CHARLESTON, S.C. — Marlena Davis does not plan on attending Dylann Roof's ongoing capital hate crimes trial, unless she is asked to be there.
Davis is a lifelong resident of Charleston and member of Emanuel African Methodist Episcopal Church where, 18 months earlier, Roof opened fire on a bible study and killed nine parishioners. But she had heard all she needed from the killer's mouth after she caught a public radio segment last week featuring a clip of Roof's confession.
A weariness fell over her, she said, and she wept.
"What I heard was not what I had imagined — I didn't expect his demeanor to be so casual in talking about what he had done," Davis, 57, said Sunday, after she'd attended a worship service at Emanuel. In the sanctuary following benediction, Davis fought back tears as she shared her experience.
"While everyone is reading it, we are reliving it." — Pastor Eric Manning of Emanuel AME
As Monday neared, and with it a second week of testimony in Roof's trial, leaders and members of the church said the proceedings have brought old anguish back to the surface. Roof, they said, carried out a cruel and heinous act in a place they rely on as a haven. While Roof's guilt isn't in doubt here, the trial is a major test of their faith, they said.
"Because I have faith, I know that God is with us no matter what," said Davis, co-chair of the women's ministry at Emanuel. "Sometimes I'm on the good side of it, and sometimes I'm not there."
The Rev. Eric Manning, who has been appointed to take over pastoral duties at Emanuel for the late Rev. Clementa Pinckney, attended Roof's trial every day since it commenced on Wednesday. The federal courthouse is located at Broad and Meeting streets, less than a mile from the church.
"Everyone has been severely impacted and its just been hard for a lot of us," Manning said in his office at Emanuel. "While everyone is reading it, we are reliving it. I think that's one of the things that people probably forget."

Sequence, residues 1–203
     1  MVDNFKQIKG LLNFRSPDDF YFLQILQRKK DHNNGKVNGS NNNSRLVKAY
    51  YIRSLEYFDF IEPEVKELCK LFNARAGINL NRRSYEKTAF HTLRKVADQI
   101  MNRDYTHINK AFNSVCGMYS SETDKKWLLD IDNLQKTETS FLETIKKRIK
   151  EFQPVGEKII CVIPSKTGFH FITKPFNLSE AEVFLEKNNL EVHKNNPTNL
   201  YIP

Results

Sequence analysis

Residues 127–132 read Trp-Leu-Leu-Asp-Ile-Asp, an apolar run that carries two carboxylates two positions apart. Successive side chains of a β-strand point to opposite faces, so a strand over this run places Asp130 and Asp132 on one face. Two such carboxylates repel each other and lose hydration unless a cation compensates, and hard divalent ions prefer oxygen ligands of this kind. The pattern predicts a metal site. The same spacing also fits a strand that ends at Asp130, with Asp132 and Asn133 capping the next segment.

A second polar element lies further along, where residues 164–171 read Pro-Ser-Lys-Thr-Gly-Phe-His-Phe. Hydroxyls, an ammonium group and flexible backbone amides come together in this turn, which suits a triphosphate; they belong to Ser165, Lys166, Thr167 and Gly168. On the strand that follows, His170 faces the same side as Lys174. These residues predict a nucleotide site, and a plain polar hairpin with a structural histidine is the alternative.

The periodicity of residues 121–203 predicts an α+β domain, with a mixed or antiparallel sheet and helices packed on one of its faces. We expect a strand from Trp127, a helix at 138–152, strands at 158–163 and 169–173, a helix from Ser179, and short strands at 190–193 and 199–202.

Clear blue skies and sunshine greeted worshippers on Sunday morning. The light reflected off of the Gothic style church's pearly white exterior on Calhoun Street. Christmas wreaths decorated the building's three main doors.
Inside, the pastor wrapped up a Sunday school lesson for a dozen or so early risers. Members exchanged hugs. As more people arrived for service, children emerged from their separate Sunday school classes. One child used an iPad to take selfies, while an organist played the overture to open the worship service. The sanctuary, which can hold up to 2,500 people, was less than half full.
"Good morning, Mother Emanuel," Jean Ortiz announced warmly to the congregation, welcoming members and visitors to the service. "If you woke up this morning with Jesus on your mind, you are armed and dangerous."
"Anytime you cross the threshold of Mother Emanuel, you are no longer a visitor. You are family."
The spirit of that welcome is undoubtedly what governed members who met Roof almost a year and half ago. On the evening of June 17, 2015, he sat with parishioners for a regular Wednesday bible study session. Pinckney, the church's pastor, invited Roof to pull up a seat next to him.
As the session wrapped up and members bowed their heads and shut their eyes for a closing prayer, Roof opened fire. Pausing to reload his gun several times, the then-21-year-old Roof fired as many as 77 bullets in the church's fellowship hall, prosecutors, investigators and witnesses said in trial testimony.
In court on Wednesday, survivor Felicia Sanders, whose son, Tywanza, was killed in the massacre, gave a heart-wrenching account of events, at times looking over at Roof who did not return her gaze. The next day, those who attended the trial viewed gruesome crime scene photos showing the lifeless bodies of the Emanuel Nine. And on Friday, prosecutors played videotape of Roof's unambiguous confession to the killings in court.
"I thought everybody was going to run out the door," Roof said during an interview with FBI agents. "But nobody did."